The fifth day of Christmas marks a time for getting down on one knee…
On the fifth day of Christmas, the gift of true love was five gold rings. If you know the song, you’ll probably know this line as the most memorable: three long syllables announce the five gold rings, protruding from the rest of the fast-paced song.
Now the 12 days of Blogmas are a little different to those of Christmas: I’m taking a look at some of the different interpretations of the gifts of true love received. Yesterday I took a whistle-stop tour of Christmas visitors, and the day before saw an exploration of giving to charity at Christmas, but what do the five gold rings really symbolise?
There’s been a bit of a theme running through the first four days of Christmas that may sometimes go overlooked. Did you notice that the first four gifts of Christmas are birds? True love gave a partridge, a pair of turtle doves, a trio of hens and a quartet of miscellaneous calling birds. In keeping with this ornithological explanation of the Christmas days’ gifts, the five gold rings could be said to not actually represent physical jewellery, but to represent five ring-necked pheasants.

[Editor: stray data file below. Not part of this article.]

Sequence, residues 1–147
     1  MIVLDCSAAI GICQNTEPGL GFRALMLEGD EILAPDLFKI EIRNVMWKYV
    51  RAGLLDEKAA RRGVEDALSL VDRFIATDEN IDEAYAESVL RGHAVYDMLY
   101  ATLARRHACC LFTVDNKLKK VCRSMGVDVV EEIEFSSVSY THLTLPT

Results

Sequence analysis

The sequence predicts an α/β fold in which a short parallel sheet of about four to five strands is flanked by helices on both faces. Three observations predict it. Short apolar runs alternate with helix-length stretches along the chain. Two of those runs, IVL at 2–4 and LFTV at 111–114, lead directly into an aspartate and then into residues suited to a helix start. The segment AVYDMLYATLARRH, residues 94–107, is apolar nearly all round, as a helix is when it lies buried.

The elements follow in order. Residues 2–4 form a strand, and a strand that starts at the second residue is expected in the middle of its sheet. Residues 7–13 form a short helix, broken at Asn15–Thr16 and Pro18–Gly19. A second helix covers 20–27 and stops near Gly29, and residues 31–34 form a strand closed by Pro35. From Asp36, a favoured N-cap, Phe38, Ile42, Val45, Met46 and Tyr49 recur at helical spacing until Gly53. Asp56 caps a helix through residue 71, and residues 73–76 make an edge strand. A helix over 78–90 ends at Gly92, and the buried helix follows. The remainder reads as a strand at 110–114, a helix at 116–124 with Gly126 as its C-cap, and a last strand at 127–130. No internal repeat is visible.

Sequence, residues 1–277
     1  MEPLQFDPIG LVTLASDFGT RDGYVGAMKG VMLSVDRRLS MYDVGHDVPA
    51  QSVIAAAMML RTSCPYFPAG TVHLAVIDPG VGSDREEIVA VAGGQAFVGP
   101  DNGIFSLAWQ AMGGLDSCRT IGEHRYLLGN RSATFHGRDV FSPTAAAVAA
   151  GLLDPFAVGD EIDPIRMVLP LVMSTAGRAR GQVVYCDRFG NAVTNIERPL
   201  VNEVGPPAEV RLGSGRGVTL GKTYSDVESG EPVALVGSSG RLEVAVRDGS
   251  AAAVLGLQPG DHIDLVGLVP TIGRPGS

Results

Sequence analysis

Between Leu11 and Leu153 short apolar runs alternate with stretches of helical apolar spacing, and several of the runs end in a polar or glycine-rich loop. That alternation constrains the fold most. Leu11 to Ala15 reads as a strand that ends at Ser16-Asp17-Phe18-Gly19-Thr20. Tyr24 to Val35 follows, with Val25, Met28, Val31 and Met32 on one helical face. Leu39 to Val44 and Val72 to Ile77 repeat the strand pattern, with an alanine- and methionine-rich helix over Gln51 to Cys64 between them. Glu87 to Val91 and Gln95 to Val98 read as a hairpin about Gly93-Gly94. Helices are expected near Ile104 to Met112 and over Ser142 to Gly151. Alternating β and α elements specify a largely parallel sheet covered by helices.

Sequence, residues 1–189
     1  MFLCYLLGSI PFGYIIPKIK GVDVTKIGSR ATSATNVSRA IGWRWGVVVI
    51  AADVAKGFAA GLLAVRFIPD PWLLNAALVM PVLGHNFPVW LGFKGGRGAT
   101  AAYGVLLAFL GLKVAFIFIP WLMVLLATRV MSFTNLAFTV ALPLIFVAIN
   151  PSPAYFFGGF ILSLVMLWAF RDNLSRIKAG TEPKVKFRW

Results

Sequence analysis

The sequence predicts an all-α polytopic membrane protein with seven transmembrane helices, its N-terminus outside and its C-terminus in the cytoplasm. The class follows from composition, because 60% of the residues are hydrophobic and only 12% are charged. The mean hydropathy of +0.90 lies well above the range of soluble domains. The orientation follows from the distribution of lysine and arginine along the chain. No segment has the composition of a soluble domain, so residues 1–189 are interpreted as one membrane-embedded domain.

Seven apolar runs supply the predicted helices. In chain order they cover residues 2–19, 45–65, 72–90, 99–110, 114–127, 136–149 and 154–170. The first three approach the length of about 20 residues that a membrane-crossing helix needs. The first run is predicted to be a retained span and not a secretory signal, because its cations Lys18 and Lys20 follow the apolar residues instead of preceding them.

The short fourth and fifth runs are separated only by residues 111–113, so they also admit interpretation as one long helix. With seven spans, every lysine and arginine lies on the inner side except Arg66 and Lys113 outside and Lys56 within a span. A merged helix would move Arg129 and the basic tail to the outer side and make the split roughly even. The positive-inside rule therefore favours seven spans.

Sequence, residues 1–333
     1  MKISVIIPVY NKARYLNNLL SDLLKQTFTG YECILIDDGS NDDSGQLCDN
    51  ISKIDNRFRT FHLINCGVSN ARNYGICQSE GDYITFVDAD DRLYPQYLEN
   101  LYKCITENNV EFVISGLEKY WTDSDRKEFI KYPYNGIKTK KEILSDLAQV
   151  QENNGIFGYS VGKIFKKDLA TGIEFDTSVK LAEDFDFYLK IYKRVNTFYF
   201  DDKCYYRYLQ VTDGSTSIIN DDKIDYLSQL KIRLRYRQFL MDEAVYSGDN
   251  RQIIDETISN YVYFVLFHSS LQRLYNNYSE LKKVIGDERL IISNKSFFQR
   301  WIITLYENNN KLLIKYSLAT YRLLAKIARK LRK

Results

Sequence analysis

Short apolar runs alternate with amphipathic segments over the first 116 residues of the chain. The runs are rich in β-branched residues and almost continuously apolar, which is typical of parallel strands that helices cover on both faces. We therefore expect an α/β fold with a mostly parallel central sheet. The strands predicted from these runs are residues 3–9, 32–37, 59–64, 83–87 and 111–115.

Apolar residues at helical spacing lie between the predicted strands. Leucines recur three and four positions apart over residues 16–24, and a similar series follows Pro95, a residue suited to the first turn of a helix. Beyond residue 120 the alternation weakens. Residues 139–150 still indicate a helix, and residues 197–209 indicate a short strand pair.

Besides a full bird-house, the five gold rings also represent the romance around Christmas; I’m sure more than five ladies or gents will be presented with a gold ring in the next couple of weeks. The holidays are an excuse to get creative with your proposal; there are so many places to hide an engagement ring for the Christmas surprise factor. How about a cracker, clear bauble on the tree, or even a stocking? If your loved one is with you for Christmas Day, there’s even the old ‘hiding it in the Christmas pudding’ trick a good idea for a festive proposal.
Christmas is a time to show your loved ones some appreciation – be it with a ring or not – and that should extend to your business customers. Why not throw a festive sale? Christmas website traffic can put a strain on your server, so be sure to have a reliable hosting solution for the month ahead.